A life as a rich entrepreneur in Silicon Valley was not enough for Kanwal Rekhi. He had emigrated from India to the U.S. more than 30 years ago, created his own high-tech company, sold it for $210 million, and went on to become a successful venture capitalist for Indian entrepreneurs living in California. But Rekhi, 54, wanted to help his country of origin. So two years ago he started making trips to India to promote high-tech startups, meet with young up-and-comers, and become an angel investor for their ideas.
Those activities have made Rekhi a model for other wealthy Silicon Valleyites of Indian origin. Dozens are following his lead by bringing home talent, ideas, and valuable sources of capital to help power India's high-tech boom. When he's in India--about four to five months a year--Rekhi is a celebrity, mobbed by entrepreneurs who want both his advice and his financial backing. Rekhi has invested millions in Indian startups, though he won't disclose the amount.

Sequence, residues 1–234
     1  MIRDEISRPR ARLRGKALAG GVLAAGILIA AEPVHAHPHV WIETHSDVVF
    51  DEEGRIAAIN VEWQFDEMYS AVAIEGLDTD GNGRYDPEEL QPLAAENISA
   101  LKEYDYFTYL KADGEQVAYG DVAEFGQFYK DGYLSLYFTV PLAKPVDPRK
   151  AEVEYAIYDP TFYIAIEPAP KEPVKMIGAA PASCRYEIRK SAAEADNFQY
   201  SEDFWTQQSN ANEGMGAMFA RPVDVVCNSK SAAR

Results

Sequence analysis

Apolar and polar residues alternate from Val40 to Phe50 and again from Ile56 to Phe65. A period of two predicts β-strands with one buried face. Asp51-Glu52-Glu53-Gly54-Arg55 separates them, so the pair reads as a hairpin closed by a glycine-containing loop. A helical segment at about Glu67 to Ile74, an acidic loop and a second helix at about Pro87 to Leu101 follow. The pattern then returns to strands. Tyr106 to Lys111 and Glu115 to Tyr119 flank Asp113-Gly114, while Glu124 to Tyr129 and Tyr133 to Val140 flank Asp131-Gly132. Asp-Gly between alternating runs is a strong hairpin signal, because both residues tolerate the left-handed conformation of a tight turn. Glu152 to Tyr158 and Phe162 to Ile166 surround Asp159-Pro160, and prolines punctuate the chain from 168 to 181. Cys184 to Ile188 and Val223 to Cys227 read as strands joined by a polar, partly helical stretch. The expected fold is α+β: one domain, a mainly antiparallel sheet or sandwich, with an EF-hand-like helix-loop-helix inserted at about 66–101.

Rekhi also spends considerable time persuading India's bureaucrats and politicians to open up the economy, so India can earn a better return on its English-speaking and technologically skilled populace. "The country is full of smart, underachieving people," he says. "I want India to have a vibrant economy in my lifetime." This year Rekhi finally cleared one Indian bureaucratic hurdle: He convinced the government to change the country's archaic laws and allow foreign venture capital into India to fund the technology boom. Analysts estimate the change will help bring more than $3 billion in foreign investment to India this year alone. Says Rekhi: "My mission is to move India forward." And he's succeeding.